I'll bet many, many people say too much and sink their chances.
For these goofball questions, the best strategy is to say something innocuous.
"I wish I had taken sailing lessons", "I would have taken 7th grade french" etc.
'No baggage here Mr/Mrs. Interviewer!' is the basic message.
Interviewing IS A SALES CALL, and you are the product.
The answer to "Tell me the worst thing about your product" IS NOT it catches fire when exposed to sunlight, it's that we can't make them fast enough.
To impress the interviewer/s, I strongly suggest that the interviewee take resposibility on whatever he/she didn't change earlier.
For example, you may explain that you did not put in hardwork at your early years of educations and realised that academic qualifications are important in the latter years. But you have since taken action such as taking up part-time night class/degree whilst working a full-time job so as to catch up with the lost years. By admitting that you indeed have certain regrets but you have arrested the regrets will make you a responsible person who is determined to change what you can instead of just a loser who crys over spilled milk.
Strange interview questions like this are used to evaluate how you react to the unexpected in your job interview, your ability to think quickly on your feet and to give a coherent answer! There is no wrong or right answer to these psychological interview questions but if you are well prepared for questions like this, you will come across as a confident and resourceful candidate. How you answer is more important than your actual answer. Stay calm, think for a while before you respond and make sure your answer reflects a positive attitude.
Sometimes, it is up to the person, whether they feel right meeting their birth parents or not, and whether the birth parents want to meet them.
needs mo kumuha ng birt certi..na autheneicated galing NSO tapos yun ang dadalin mo sa DFA
To whom it may concern
In late 1933 or early 1934, Fox Studios offered Shirley Temple a seven-year contract to keep her at Fox Studios, which her parents signed. For reasons of publicity--to make Shirley seem even more precocious, Fox altered the birthdate on her birth certificate. Shirley and the public were told she was only four, although she was almost six. She didn't find this out until her 13th birthday (which she thought was her 12th).g-term contract to keep her at Fox Studios. F
In Florida, a "certificate of live birth" is the original certificate completed at the time of the child's birth. It is prepared by the hospital and includes the signatures of at least one of the parents and usually the physician or another witness to the birth. Once the "certificate of live birth" has been completed, it is sent to the Florida Office of Vital Statistics, who files the document and issues certified copies when requested. When ordering a Florida birth certificate, you can ask for a "photocopy certificate" - which is an exact photocopy of the original "certificate of live birth". They can only be ordered from the state office in Jacksonville, since that is where the actual certificate is stored. A "Certification of Birth" also known as a "computer copy" is a document issued by the Florida Office of Vital Statistics that only includes some of the information from the original "certificate of live birth". It usually states only the name, sex, date of birth, place of birth, parents' names, and the state file number. These types of birth certificates are cheaper and can be purchased from any Vital Statistics office in the state of Florida (and each county has one). Now for adopted persons, the policy is different. When the child is born, their birth certificate is completed like normal. However, once the child is adopted, the state of Florida creates a NEW "certificate of live birth" that shows the child's adoptive name and the names of the adoptive parents. The original "certificate of live birth" containing the names of the original parents is "sealed", meaning that it is locked up and can never be opened again without a court order. So, when an adopted person orders a birth certificate - whether it's a "photocopy" ("certificate of live birth") or "computer copy" ("certification of birth"), it will only show the adoptive name of the child and the names of the adoptive parents.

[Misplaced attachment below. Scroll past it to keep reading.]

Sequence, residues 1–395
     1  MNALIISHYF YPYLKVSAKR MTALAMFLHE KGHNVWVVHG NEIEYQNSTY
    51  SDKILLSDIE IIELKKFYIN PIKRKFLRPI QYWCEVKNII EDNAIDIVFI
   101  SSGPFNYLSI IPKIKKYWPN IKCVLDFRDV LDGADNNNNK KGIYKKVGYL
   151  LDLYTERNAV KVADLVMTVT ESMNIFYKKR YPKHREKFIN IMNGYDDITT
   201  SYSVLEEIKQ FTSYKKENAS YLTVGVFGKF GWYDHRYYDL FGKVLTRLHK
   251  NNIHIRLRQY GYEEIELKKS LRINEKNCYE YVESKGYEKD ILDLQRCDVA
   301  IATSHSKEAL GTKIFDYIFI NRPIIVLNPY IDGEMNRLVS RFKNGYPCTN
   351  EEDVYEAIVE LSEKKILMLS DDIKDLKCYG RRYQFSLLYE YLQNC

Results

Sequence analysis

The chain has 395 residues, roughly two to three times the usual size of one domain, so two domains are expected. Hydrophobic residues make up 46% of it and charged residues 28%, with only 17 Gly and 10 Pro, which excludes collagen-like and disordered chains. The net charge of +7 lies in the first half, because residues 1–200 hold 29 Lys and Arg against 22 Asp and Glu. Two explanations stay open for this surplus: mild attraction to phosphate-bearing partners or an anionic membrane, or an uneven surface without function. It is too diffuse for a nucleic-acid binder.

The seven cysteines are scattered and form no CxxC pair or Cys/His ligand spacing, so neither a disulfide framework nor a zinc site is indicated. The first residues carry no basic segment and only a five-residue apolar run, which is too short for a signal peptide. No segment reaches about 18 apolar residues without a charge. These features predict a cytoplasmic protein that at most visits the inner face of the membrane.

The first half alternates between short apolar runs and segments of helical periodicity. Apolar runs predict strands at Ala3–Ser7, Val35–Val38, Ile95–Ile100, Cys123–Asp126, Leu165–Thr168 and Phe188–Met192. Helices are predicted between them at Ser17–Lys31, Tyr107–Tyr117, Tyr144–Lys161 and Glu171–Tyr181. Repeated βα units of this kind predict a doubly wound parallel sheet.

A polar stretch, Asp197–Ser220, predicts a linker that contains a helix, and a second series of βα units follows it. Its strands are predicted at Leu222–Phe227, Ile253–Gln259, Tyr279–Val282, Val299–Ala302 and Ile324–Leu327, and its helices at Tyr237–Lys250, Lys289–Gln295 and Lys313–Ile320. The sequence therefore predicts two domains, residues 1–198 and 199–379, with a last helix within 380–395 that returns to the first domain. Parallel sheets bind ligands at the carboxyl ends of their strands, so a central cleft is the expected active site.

first of all you just need to walk or drive your butt down to the hospital (with the dad of course) force the dad to sign the paper and change the last name but it would probably be easier to take his butt to court ! ;)
The judgment part indicates that the creditor has won the lawsuit and been awarded a judgment. The collection may indicate that the debt is still outstanding or has been paid. Public means, well simply that. Anyone who is interested can find out the information. For instance if there are delinquent taxes, resulting in a lien against real estate.
NO. You need to have a decent credit history, generally a proven source of income, be of legal age, valid social security number, a place of residence, and???
No, you cannot remove his name from the birth certificate without going to court to prove he is not the father. Legally, he is the father and will be responsible for paying child support until the matter is resolved. He can have a DNA test done. He should request one through the court so he can stop paying child support if the child isn't his. It sounds as though you have been playing a game with him and also with your child. You may also have lied on official documents claiming him to be the father. Be fair and have a DNA test taken so you know who the real father is and don't lead this man to believe he is the father when he is not. Your child deserves to know his/her real father.